A couple of years ago, I met my husband. He has a big family and three sisters. He told me how I’ll never be alone again. His sisters said they gained another sister.
We got married at the city hall but my mother-in-law had wanted a wedding. Instead, I got pregnant immediately.
I only told one of his sisters. But she told the family I was pregnant. Then they told us not to move to the suburbs (only 25 minutes away). We did.
Whenever we wanted to hang out with them on Fridays, they all said they were busy. Meanwhile, all three sisters and a cousin gather every Friday night but have never invited me.
When heavily pregnant I was on sick leave with house rest two months before the pandemic. I was home alone while my husband worked. I couldn’t even cook for myself.
I never heard from his sisters. My husband even yelled at one that he’s done so much for them and they couldn't be nice to his wife!
Then my parents came and stayed with the baby for four months. I was then alone with the baby until I returned back to work after a year. I still have post-traumatic stress disorder (PTSD) from all that. A horrible postpartum. Still, no phone calls from any sisters.
When my husband had yelled at his other sister, his mom got involved and said it was horrible, how I “made it a big deal.” And that “I’m new to their family." I wasn’t disrespectful to her but it really hurt.
My mother-in-law protects her kids as she should... but even if they’re in the wrong? She dismissed my feelings, not even listening to me.
I’m still extremely angry with them. They’re nice to your face but talk behind your back. I see them occasionally but always relive those sad, hurt feelings.
I suggested we move further away but feel badly for keeping my husband from his family though they’re so unsupportive.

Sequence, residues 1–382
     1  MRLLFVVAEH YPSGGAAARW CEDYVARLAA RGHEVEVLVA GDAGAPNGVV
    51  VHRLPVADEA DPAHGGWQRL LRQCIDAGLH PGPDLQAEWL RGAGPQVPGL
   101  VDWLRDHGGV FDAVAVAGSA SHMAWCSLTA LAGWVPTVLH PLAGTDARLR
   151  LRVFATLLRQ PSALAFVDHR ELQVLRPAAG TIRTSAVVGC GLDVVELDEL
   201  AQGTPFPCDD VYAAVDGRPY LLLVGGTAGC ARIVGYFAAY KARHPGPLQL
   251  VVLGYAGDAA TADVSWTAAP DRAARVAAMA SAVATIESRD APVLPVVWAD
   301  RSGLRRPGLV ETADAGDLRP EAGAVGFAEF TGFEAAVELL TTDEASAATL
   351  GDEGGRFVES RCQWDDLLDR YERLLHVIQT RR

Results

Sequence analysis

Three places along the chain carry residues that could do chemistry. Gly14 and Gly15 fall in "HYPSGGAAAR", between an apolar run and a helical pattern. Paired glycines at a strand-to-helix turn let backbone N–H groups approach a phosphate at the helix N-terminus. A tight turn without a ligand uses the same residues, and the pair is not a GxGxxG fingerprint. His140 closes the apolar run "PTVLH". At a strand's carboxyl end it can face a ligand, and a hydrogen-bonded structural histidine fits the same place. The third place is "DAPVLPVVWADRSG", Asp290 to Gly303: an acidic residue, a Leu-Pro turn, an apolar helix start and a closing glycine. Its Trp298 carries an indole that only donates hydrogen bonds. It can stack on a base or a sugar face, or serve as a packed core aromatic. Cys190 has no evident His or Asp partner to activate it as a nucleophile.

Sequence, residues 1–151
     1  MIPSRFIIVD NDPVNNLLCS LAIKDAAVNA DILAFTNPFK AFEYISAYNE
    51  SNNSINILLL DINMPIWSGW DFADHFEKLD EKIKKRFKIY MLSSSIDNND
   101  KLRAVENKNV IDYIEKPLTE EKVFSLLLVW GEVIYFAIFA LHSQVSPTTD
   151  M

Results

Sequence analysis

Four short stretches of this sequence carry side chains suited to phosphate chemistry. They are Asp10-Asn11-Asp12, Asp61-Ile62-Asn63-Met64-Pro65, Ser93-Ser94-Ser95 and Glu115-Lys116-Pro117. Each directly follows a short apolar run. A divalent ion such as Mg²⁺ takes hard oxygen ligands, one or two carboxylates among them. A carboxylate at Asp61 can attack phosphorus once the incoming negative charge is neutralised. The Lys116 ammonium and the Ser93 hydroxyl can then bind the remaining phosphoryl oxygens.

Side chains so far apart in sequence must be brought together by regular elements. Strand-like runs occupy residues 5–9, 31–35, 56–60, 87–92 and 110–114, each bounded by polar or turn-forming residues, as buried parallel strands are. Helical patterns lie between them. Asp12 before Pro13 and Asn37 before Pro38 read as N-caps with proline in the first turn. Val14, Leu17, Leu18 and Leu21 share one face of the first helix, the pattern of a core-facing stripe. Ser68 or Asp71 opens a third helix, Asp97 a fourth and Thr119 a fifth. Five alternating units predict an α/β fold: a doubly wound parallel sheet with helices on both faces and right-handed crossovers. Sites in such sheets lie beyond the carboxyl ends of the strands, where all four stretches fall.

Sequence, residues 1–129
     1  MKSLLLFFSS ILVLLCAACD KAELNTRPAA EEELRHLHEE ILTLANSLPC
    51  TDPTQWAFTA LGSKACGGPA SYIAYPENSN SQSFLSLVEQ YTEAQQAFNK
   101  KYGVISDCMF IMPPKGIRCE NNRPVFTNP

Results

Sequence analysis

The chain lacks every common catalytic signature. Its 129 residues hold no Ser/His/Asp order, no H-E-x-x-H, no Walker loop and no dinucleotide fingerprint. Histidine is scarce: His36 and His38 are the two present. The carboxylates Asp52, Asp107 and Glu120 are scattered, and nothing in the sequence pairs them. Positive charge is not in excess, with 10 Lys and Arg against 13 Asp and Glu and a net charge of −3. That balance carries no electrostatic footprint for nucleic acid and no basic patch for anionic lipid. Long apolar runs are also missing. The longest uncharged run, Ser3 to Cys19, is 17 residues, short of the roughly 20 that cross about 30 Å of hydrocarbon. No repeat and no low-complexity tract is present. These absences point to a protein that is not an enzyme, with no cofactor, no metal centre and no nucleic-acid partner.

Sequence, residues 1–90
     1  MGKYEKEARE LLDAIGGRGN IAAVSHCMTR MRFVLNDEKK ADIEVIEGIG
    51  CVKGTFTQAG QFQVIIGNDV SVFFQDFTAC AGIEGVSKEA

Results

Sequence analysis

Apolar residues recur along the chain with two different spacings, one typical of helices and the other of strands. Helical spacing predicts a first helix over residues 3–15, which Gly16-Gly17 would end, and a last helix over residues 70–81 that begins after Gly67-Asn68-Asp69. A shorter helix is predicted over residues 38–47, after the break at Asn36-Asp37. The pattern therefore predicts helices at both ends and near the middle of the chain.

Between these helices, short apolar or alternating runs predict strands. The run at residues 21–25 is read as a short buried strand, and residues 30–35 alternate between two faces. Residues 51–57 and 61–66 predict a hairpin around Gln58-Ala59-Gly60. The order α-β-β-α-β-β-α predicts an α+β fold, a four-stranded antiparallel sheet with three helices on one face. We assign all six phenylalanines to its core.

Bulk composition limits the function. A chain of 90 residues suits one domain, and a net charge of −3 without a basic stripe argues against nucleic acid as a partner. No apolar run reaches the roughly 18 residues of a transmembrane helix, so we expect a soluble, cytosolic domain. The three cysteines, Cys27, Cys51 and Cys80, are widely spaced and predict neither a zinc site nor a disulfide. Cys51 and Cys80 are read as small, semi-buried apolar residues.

This family shows intentional rudeness and mean-spirit without explanation. If your husband has deeper knowledge why they’ve shunned you when you most needed them, he owes you that explanation. His priority must be you and his and your child.
Every woman who’s had a difficult pregnancy and/or borne a first child without supportive family/friends, knows how isolating that can be. It’s a potential trigger to post-partum depression if not PTSD.
Yet, you don’t want to sink to his family’s level. You have your own parents who pitched in for the earliest four months with the baby.
You’re working now which means you have some colleagues among whom you might develop some friendships. You also have neighbours and hopefully some will have children for your child to get to know.
Finally, make one effort of outreach, for your child’s sake. Consider inviting their grandmother and aunts for a short visit and simple snack to break the ice. If they don’t respond or attend, forget it. You tried, they failed.
FEEDBACK Regarding “What makes women stick with their cheating husbands?” (Oct.9):
Reader – “The woman who experienced an alcoholic marriage hasn’t yet recovered from the disease of such relationships. As a result, she’ll repeat that type of relationship with any future partners.
“Al-Anon has helped millions of people regain their self -esteem and not accept unacceptable behaviour that’s merely “crumbs of life,” nor ghosting, nor abuse... and the list of negative behaviours that goes on!”
FEEDBACK Regarding the Sad Grandmother whose son and wife won’t let her or her husband be alone with her granddaughters (Oct 12):
Reader – “From my own personal experience, Ellie’s comment regarding potential “spouse-in-law’s influence” sounds to me like a high probability.
“I would strongly suggest that the “Grandparents” not only be there for their grandchildren but also for their son.
“It is quite likely that he is “putting up with things for the sake of the children,” but they could change at a moment’s notice when he “wakes up” to what’s really going on and where the negative influence exists.”
Ellie - Every such case of grandparent alienation has its own back story, which isn’t always clear even to the heartbroken people being rejected.
But as I wrote in response, “control and fear” are often involved in the parents’ harsh behaviour, using the unexplained reason about “protecting” their children.
Tip of the day:
If your in-laws show no interest in your marriage or well-being, find supports among your family and your trusted friends.